Alas, her passion for dance and Raju's obsession for her lead them into a downward s
...more
Vijay
I have read 'Malgudi days' by R.K. Narayan before and I always liked his style of writing and his unique quality of putting most complex of emotions in simplest and concise manner .
Like his other works, Guide also jumps around Indian culture, beliefs, socioeconomic structure, and human nature, which is not particular to any country or group of people. I don't know how can he portray such arcane concepts of very varied and convoluted topic that Indian culture is, in such simple and appealing fa
...more
April Singh
well congrats for starting and finishing the first book this year (2015). and i am feeling happy today. very happy. the narrative was a little poor and confusing at times. it is very likely possible that i my not have understood it properly but i felt it poor. even though i enjoyed reading it (only after the first half of the book) it is definitely overrated.
Anushri
'The guide' is one of the finest books I have ever read. The book is all about a guide-turned-saint named Raju. It's tough to relate to Raju's story or even his tangled emotions as he is quite a complex character. But R.K Narayan manages to enrapture the reader throughout the book with his simple yet captivating narration. And if you ask me, I'd say this is one book which you shouldn't give a miss!
Anuja
This review has been hidden because it contains spoilers. To view it, click here.
Neeraj
One of the very good novels by an Indian author. Must read.
Sai Padma
Wonderfully interwoven human drama
Hitarth
Yep, simplicity is hard to achieve.
:)
Chetan Harjani
This review has been hidden because it contains spoilers. To view it, click here.
Ramkishan Nekkanti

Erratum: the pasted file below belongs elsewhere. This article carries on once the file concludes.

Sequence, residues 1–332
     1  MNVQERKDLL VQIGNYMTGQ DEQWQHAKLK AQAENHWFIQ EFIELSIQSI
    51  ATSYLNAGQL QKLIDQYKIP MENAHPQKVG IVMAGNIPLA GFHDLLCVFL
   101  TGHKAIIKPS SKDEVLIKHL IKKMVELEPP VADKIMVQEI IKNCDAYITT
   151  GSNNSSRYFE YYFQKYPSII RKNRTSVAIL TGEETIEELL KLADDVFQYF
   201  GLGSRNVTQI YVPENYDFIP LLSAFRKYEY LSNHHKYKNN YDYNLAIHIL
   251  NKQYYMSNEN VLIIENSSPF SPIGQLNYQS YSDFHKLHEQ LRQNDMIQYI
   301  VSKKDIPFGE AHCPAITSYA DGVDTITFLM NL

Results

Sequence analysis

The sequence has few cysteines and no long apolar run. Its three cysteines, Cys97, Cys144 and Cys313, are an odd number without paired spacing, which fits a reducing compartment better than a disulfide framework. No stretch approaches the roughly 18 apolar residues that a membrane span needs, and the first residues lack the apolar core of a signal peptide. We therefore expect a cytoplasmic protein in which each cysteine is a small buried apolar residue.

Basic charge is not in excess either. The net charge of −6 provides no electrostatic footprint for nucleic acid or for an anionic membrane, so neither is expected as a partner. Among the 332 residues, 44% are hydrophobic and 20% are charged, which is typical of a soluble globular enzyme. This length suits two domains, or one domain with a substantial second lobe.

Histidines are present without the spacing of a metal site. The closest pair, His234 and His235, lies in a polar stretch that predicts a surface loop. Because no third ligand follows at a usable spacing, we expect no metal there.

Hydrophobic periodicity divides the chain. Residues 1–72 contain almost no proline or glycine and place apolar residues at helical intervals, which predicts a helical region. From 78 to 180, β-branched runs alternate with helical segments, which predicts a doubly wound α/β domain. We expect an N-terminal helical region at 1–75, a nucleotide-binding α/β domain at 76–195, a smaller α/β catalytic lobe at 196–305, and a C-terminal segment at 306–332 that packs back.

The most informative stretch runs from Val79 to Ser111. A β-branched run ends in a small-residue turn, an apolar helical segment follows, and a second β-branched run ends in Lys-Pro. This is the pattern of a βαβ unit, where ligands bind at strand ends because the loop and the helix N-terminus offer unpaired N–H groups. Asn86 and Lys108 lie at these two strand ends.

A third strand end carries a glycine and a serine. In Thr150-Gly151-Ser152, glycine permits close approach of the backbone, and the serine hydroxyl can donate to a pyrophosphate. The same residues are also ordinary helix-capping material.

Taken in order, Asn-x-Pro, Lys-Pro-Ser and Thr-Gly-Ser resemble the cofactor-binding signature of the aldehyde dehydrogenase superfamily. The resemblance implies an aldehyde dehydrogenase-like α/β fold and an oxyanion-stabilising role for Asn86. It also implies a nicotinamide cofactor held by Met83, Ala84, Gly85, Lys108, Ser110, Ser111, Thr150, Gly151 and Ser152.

You cannot go wrong with R. K. Narayan. His books transgress reader ages. Be it a 10 year old child or a 50 year old scholar, both would enjoy his simple, run-of-the-mill writing style while understanding the content and the characters in their own ways.
A realistic comedy set - as always - in the town of Malgudi, The Guide once again proves that the serene, small world background of India's villages and the truly unique characters that can be brought to existence in such settings will remain unm
...more
Nandasiri Wanninayaka
I read “The Guide” by R. K. Narayan last year. It was as interesting as any other books by R. K. Narayan. The usual setting, the town of Malgudi is where the novel is based on. The protagonist, Raju is originally a tour guide and later becomes a manager of a dancer and then a hermit. The transformation of the character is excellently illustrated by the veteran novelist Narayan.

This is the only novel of Narayan that includes sex from the novels I have read by him. Railway Raju (his nickname) fall
...more
Rushati Mukherjee
Kinnnda weird. The writing... it's easy to tell that he's writing in language that was not his own, which automatically seems foreign to me because as a writer, why would you choose to write in a language that you have not made your own? I don't mean in terms of grammar or expression, all that is correct and lucid enough- there is a sense of discomfort in the writing, like he's... grappling with the language, still trying to tame it, as though he hasn't already tamed it and it isn't his faithful ...more
Pankaj Tiwari
It was a nice read, one story, two times running parallel, as for an Indian being it felt a bit predictable, the book shows that how people become godmen because of other's ignorance, in fact others want the same, that somehow is because people don't want to take charge of themselves, they need someone to depend on, someone should be a reason for their happiness, someone should be to the blame when things go wrong, this dependence leads to godmen appearing all over the country, but instead of se ...more
Nayantara
The thing about R.K Narayan is that I don't think there is any Indian author out there who captures India:
1. So well
2. With such simplicity
3. With such profoundness.

The Guide starts off as a seemingly simple, straightforward story. But by the end you realise how truly profound the book is. This book is a must read for those who like to read about India and for Indians because I feel we really don't appreciate people like R.K Narayan enough!
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R. K. Narayan is among the best known and most widely read Indian novelists writing in English.

R.K. Narayan was born in Madras, South India, in 1906, and educated there and at Maharaja's College in Mysore. His first novel, Swami and Friends and its successor, The Bachelor of Arts, are both set in the enchanting fictional territory of Malgudi and are only two out of the twelve novels he based there
...more
More about R.K. Narayan...
Malgudi Days Swami and Friends The Ramayana: A Shortened Modern Prose Version of the Indian Epic The English Teacher The Man-Eater of Malgudi